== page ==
While players' quarters are not likely on the radar of fans, uniform personnel have complained for years about the antiquated Dodger Stadium clubhouses, especially for the home team, which at 50 years is the oldest in the National League (the home clubhouse at Wrigley Field was renovated in 1984). Plans for new clubhouses date back more than a decade.
Currently, the Dodgers' clubhouse is behind the dugout, with a small dining area (but no true kitchen), an even smaller manager's office and a coaches dressing area. To reach the outdated training room, one must first pass through the bathroom, running a gauntlet between sinks, stalls and urinals. Beyond the training room is the weight room, converted out of the old Angels' clubhouse, and beyond that the batting cages, all hidden from view under the field level.
Harang said all of those areas will be rebuilt and enlarged -- with the batting cage on a newly excavated lower level conveniently near the dugout, and a video room conveniently next to the batting cage. And the visitors will have their own batting cage.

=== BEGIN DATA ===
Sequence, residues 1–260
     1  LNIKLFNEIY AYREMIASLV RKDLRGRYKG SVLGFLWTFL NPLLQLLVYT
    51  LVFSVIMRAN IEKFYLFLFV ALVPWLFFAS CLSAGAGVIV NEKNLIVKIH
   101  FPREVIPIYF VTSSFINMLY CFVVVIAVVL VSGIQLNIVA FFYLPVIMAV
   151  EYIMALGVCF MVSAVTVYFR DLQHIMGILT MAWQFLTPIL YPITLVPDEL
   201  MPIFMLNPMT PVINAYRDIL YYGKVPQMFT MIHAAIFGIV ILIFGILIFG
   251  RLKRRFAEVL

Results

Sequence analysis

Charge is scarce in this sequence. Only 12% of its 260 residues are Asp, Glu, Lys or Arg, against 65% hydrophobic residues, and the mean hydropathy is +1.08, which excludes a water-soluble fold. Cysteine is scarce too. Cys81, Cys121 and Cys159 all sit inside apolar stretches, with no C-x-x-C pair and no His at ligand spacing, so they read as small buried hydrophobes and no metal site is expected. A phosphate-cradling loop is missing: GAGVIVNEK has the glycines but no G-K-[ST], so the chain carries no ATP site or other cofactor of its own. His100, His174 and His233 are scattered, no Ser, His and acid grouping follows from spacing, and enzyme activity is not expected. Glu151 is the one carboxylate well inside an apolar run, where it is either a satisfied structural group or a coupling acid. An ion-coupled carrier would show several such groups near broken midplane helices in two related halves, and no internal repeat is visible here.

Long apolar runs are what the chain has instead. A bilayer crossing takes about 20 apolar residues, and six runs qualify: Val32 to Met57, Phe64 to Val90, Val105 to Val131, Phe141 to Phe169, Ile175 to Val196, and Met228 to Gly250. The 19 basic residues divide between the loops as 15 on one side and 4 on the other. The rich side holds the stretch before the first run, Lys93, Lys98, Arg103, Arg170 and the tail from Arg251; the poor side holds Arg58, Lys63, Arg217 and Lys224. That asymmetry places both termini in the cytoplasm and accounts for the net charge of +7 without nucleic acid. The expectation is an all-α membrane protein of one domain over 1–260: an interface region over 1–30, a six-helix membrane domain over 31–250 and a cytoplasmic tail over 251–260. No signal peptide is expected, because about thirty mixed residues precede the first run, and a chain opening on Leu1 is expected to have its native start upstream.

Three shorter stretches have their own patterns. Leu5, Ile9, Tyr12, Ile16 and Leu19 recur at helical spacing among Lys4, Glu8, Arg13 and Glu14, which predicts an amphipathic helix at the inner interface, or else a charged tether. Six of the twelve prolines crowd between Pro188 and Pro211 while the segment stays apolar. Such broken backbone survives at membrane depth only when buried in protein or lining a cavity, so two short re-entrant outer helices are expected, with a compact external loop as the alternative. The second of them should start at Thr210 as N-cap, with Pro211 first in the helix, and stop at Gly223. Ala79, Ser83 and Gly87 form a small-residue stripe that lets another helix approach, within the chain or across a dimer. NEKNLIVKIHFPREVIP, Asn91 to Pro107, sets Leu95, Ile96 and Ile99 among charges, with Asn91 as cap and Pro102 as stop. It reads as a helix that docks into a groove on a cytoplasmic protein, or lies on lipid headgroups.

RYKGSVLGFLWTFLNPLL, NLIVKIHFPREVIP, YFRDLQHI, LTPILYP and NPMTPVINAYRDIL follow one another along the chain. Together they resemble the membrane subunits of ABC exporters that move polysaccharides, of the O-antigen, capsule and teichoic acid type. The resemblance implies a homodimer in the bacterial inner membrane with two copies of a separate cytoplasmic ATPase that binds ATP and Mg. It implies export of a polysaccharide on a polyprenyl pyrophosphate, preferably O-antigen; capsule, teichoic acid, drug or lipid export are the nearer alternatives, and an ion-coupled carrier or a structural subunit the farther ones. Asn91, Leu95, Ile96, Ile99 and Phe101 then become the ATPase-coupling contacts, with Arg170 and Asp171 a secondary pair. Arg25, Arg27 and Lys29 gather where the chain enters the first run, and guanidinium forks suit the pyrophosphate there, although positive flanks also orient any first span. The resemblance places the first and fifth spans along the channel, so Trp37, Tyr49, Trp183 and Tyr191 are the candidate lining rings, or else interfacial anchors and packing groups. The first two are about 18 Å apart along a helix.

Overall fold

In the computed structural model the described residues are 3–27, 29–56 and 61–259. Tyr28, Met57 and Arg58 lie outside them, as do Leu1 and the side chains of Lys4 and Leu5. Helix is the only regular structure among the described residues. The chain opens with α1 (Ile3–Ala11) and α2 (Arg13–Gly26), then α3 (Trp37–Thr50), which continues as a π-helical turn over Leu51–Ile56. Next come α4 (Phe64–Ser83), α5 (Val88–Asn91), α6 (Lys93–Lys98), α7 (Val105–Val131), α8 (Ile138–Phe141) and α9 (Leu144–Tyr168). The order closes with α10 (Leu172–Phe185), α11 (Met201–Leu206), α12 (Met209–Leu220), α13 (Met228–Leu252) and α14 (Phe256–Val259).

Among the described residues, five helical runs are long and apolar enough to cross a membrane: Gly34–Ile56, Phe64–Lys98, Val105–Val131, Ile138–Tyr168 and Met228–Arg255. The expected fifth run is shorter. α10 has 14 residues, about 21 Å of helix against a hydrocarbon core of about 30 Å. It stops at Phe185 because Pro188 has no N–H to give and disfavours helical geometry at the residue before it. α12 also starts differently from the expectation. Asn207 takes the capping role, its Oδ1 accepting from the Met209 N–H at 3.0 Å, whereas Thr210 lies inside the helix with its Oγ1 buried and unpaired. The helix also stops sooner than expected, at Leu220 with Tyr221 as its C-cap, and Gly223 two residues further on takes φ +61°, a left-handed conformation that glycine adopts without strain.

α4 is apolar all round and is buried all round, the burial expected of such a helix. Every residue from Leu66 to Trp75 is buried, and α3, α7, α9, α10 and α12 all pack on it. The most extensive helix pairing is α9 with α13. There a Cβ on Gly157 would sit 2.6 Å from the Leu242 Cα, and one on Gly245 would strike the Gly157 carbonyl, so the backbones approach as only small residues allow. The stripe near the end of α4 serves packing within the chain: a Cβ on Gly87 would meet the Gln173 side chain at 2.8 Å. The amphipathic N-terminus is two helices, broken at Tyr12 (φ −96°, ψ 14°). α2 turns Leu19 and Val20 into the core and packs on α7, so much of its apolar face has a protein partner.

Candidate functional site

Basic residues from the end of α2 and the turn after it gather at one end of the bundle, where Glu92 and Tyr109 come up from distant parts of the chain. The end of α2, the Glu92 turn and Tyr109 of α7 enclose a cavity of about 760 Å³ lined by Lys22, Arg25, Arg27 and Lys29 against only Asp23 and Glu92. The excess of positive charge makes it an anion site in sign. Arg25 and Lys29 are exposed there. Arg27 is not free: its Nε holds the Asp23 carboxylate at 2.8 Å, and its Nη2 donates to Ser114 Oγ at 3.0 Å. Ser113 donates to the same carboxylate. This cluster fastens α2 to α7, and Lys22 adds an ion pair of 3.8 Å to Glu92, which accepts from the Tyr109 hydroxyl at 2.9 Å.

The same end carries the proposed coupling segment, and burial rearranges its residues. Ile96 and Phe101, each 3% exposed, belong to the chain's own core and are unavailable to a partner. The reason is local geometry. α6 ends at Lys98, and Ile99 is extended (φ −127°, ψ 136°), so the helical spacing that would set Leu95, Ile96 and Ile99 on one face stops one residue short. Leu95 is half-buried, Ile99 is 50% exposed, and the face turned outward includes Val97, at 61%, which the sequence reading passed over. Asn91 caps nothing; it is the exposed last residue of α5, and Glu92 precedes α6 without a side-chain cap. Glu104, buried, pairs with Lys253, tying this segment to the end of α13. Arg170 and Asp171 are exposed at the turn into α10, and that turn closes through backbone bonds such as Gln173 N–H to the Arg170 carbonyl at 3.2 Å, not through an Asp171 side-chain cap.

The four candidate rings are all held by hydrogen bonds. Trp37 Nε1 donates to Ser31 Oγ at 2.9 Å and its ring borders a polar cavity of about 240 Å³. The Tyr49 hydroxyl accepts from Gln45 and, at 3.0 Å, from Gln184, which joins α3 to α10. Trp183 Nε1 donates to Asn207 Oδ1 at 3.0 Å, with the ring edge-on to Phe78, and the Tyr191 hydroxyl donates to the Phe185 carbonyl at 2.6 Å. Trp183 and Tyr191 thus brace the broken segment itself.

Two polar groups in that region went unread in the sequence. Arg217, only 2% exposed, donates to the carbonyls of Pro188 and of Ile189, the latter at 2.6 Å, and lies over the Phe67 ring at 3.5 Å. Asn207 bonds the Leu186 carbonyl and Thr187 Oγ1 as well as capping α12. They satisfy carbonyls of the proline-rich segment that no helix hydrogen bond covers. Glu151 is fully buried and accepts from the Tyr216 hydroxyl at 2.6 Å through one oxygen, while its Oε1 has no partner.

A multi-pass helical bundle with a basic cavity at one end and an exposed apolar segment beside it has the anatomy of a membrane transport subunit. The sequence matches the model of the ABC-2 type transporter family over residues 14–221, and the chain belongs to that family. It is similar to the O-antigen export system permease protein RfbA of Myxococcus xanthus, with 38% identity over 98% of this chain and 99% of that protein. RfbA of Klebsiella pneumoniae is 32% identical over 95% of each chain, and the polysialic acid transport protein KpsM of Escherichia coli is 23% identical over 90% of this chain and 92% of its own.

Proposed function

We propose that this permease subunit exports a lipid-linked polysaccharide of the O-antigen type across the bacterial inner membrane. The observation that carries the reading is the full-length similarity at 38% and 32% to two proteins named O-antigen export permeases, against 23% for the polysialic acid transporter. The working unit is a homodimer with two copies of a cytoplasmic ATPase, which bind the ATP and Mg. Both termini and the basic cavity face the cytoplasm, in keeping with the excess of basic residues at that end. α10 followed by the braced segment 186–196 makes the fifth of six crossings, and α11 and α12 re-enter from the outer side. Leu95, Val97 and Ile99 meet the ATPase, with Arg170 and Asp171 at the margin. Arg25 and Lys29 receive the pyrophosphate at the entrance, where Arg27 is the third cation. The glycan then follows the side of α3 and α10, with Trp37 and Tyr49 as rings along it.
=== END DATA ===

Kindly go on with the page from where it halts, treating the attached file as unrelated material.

"It's tough the way it is now, and a little awkward when you have opponents literally walking through your clubhouse to get to the weight room or cages while you're preparing for the game," Harang said. "And you could see at the end of the season with the callups how crowded the clubhouse got. It was like herding sheep in there."
Harang sees the clubhouse renovation as another example of ownership following through on promises made when it took over, similar to the roster upgrades made during the summer.
"They laid it out -- this is what we want to do, to win, and we'll make upgrades to the stadium so we can prepare you better for the games," he said. "Everything will be laid out better, the trainers will have the room to care for everybody and nobody will be in the way."
Harang is one of the few Dodgers who have no medical update to give. He pretty much delivered as promised when he was signed last winter to be an innings-eating addition to the rotation with Hiroki Kuroda leaving as a free agent.
"I felt like I came in and did what I was brought here to do, to give us an opportunity to win games when I went out there," he said.
He went 10-10 with a 3.61 ERA, throwing 179 2/3 innings in 31 starts. That's his most starts since 2007 and most innings since 2008, but 85 walks were 27 more than his previous career high.
"That's the one thing I want to cut down," he said of the walks. "I feel that too often the walks score runs and they were killing me. I couldn't tell you why they were up this year. It could be when I'd get two strikes, I tried to get too fine, too precise instead of staying aggressive."